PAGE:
How do you make sure that tall buildings, like the Shard in London, don't buckle under their own weight? Ahmer Wadee, Professor of Nonlinear Mechanics at Imperial College, London, explains how a little geometry goes a long way.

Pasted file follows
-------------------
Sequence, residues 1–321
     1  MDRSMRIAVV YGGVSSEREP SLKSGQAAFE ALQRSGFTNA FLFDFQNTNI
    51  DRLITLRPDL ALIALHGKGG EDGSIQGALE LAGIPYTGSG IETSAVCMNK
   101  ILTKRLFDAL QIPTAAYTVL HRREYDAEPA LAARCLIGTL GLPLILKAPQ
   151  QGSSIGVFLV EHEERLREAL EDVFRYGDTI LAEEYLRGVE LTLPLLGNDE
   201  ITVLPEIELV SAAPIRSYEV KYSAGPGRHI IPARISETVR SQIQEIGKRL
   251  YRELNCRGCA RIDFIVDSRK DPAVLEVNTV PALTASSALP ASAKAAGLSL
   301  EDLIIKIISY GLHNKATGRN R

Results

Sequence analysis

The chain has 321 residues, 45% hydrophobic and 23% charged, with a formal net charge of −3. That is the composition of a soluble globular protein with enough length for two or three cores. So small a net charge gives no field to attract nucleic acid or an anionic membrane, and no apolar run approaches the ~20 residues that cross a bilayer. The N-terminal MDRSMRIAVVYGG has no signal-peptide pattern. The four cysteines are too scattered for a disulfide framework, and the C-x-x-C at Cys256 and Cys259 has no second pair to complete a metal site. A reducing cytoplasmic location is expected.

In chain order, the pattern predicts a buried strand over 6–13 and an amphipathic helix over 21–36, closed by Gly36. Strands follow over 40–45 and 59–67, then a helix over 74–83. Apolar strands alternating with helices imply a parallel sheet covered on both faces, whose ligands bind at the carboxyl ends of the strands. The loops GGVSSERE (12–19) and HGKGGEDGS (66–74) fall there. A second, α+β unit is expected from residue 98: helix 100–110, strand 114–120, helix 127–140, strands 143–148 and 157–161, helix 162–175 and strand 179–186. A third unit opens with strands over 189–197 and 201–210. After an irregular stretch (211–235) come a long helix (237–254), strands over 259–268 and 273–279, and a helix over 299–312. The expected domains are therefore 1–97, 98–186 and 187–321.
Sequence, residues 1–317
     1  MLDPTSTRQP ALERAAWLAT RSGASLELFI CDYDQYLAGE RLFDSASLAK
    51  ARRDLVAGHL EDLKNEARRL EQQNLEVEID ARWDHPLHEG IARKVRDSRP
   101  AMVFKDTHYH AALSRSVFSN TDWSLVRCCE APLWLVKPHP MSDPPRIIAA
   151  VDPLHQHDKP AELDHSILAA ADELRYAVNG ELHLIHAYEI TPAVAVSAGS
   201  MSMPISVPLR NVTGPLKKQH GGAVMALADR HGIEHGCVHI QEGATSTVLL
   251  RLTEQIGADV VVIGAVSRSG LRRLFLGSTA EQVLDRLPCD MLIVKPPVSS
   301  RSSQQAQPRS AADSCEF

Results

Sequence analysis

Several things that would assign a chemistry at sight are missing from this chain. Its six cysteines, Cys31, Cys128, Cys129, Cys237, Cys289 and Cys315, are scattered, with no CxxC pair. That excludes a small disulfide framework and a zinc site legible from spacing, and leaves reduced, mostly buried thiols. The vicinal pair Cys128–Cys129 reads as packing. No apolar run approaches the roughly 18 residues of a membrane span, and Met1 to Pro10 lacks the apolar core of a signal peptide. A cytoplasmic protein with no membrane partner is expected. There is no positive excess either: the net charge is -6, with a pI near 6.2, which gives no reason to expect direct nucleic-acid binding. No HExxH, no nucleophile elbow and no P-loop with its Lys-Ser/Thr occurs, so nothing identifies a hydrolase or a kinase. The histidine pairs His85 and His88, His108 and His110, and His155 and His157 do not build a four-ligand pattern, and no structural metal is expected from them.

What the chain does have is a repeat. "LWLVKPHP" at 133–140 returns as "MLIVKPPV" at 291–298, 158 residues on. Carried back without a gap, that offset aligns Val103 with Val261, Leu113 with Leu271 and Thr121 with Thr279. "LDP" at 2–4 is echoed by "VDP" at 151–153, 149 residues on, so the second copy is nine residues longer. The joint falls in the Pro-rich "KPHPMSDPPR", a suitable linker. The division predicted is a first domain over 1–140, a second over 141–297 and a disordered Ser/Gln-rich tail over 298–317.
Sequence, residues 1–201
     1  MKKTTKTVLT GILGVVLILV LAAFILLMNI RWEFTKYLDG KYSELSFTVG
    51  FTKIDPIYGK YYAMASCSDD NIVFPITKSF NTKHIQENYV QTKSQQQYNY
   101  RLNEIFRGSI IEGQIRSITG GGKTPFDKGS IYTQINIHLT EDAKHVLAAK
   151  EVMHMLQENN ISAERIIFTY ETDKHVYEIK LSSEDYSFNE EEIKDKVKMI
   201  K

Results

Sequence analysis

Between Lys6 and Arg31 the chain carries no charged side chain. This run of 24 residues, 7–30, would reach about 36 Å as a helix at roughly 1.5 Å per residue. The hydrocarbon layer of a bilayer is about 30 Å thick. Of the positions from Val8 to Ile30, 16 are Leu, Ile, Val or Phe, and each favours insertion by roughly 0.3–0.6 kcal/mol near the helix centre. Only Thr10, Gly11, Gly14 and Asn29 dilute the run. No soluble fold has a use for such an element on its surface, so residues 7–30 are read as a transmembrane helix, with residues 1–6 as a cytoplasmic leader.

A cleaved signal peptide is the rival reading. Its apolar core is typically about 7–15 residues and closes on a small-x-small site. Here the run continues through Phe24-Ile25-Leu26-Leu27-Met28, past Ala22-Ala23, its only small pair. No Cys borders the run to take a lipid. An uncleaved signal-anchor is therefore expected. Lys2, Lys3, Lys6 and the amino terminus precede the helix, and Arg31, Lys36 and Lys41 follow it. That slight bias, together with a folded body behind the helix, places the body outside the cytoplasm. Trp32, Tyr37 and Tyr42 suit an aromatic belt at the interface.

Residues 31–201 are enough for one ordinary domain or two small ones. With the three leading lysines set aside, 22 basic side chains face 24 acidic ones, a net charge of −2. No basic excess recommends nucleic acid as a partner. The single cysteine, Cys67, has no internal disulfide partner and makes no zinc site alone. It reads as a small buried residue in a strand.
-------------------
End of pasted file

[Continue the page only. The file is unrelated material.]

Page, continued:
If the tower had 4 columns of uniform cross-section it would be most critically loaded near its ground level. This is because the greatest weight is taken here but the ground itself provides some lateral support. So to design such a structure to be most efficient in resisting buckling there should be cross connecting bars spread all the way up and you can see them in the picture. If we are limited in the number of these cross linkages and we know how the load due to gravity grows from zero at the top to the maximum at the ground, it provides us with a need for finding the optimal way the material should be spread. I suspect that the distribution of cross-section as one goes down, varies with the cube of the distance down, with slight increases at points between the cross-braces. This is for when the distribution of the lateral supports is uniform and their weight and strength are not taken into account here. It might also show how the shape of the Eiffel Tower was derived.